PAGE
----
Oh, Go Clone Yourself! April 6, 2016 12:02

We have made no secret that we have a great, and ever-growing, lineup of brewery-authorized clone beer kits. We did them the easy way: we asked for the recipes, and the brewers sent them to us. All we had to do was scale them down to five gallon batches. It is not so easy when you want to copy your favorite beer, or maybe a beer that is just not always available where you live. (Our first piece of advice, however, is just check with the brewer. They are often happy to help homebrewers with a clone. Sometimes they will even just send you the recipe!)

What is one to do? Let us help you with some guidelines that we follow ourselves.

  1. Know the beer!

If you want to understand what beer tastes like, you have to drink beer. Duh, right? You should read the label, and look up the description and ingredients (brewery websites often lay out the ingredients for their beers), and talk to other brewers, but the best way to analyze a beer is to have it in a pint glass in front of you. What color is it? Is it clear, hazy, or downright cloudy? Does it have good head retention? Light body or full? Good nose? Hoppy/malty/boozy? How else might you describe the beer? If you are not familiar with these terms, you should start there. Don’t just drink the beer you want to clone; use all of your senses to analyze every beer you drink. And you should be trying a wide variety of beers.

  1. Know your ingredients!

We are assuming you have made beer before, so you should have general knowledge of the process before attempting to design a recipe, clone or otherwise. This will help when you look at the brewery website and see just a list of grains and hops. You should be able to discern what is used for a bittering hop versus flavor/aroma additions or dry-hop. Likewise, a little basic knowledge of ingredients will help you figure out ratios of hops and grains in the recipe. It is unlikely the brewery lists their yeast or water profile, so you may have to do a little more digging for that information. Yeast is often easy enough to guess; water chemistry will be a more important concern as you try to refine your recipe. Always feel free to ask you friendly local homebrew shop employees what they think. If you are really smart - and bring them a sample of the beer you want to brew - I happen to know that homebrew store managers who often wear flannel are an excellent resource.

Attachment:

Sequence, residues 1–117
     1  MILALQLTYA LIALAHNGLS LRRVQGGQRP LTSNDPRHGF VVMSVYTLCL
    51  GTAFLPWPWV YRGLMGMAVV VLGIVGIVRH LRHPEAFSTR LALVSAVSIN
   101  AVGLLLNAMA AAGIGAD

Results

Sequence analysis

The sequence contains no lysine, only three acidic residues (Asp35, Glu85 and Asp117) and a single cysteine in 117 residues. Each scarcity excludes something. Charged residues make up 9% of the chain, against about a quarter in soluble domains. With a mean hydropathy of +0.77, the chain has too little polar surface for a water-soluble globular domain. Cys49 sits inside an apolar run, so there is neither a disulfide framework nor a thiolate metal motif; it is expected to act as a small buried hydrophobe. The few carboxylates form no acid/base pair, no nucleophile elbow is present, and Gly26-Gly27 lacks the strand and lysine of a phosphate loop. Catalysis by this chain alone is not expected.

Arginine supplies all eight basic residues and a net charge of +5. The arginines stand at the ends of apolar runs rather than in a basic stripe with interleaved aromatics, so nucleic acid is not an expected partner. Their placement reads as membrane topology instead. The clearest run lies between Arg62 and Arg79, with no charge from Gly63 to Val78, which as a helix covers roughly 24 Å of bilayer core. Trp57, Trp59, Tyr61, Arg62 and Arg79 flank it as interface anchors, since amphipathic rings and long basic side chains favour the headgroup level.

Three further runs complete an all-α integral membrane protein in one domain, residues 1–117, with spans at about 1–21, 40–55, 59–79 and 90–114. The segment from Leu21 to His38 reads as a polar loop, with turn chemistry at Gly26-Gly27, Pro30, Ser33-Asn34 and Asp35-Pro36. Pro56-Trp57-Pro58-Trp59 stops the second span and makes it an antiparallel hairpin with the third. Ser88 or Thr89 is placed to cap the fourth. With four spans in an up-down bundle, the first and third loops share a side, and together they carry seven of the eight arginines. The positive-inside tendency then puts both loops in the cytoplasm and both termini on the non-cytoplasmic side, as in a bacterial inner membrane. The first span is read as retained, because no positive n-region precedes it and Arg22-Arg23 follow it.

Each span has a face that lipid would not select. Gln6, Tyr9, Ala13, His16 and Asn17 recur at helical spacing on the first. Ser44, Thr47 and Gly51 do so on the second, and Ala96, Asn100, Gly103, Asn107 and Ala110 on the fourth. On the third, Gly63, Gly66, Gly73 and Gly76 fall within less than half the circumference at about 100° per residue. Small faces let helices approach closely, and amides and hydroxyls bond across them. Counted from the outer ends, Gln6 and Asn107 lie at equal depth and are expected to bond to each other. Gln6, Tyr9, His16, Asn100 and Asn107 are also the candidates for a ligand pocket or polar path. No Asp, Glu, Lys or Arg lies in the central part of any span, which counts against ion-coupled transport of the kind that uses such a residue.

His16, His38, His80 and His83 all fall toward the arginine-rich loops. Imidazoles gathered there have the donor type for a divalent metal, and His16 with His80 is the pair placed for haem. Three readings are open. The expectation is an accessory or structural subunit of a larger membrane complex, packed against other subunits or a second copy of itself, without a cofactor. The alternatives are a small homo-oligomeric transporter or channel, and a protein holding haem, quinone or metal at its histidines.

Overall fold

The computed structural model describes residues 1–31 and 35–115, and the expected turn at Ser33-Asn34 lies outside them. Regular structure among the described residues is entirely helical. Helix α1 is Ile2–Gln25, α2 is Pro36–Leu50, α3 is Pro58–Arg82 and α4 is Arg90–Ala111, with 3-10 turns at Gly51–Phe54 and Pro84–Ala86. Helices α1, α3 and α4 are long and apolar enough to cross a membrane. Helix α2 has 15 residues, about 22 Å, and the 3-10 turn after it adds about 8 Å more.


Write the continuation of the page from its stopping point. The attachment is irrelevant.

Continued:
1. Use a calculator.

I use BeerSmith when formulating a recipe, but there are many other options out there - online calculators or programs to download that will help calculate the important numbers. You can always guess and might hit your gravity, ABV, IBUs, and color, but your product will probably be better with some help. Some of these programs are tricky to figure out, but once you do they provide many advantages.

  1. Check web forums (but proceed with caution).

Still having trouble figuring out a recipe? Before we go any further, we should mention that there are books on cloning beers! Clone Brews, Beer Captured, North American Clone Brews, and many others have recipes for many popular and hard to find beers. If you can’t find one there, use the ol’ internet machine - which you clearly already know how to use - and see what other homebrewers have done. As always, the internet is a wonderful tool and a very dangerous place. Take all advice with a grain of salt (from THEM, not from us!) and use your hard-earned knowledge of brewing to make judgments about advice found on the webs.

  1. Make the beer! Then tweak the recipe.

This is pretty self-explanatory. Brew more beer. The best thing about brewing is that if it doesn’t work the first time, you can do it again.

If you just want to take the easy route, check out our line of brewery-authorized clones!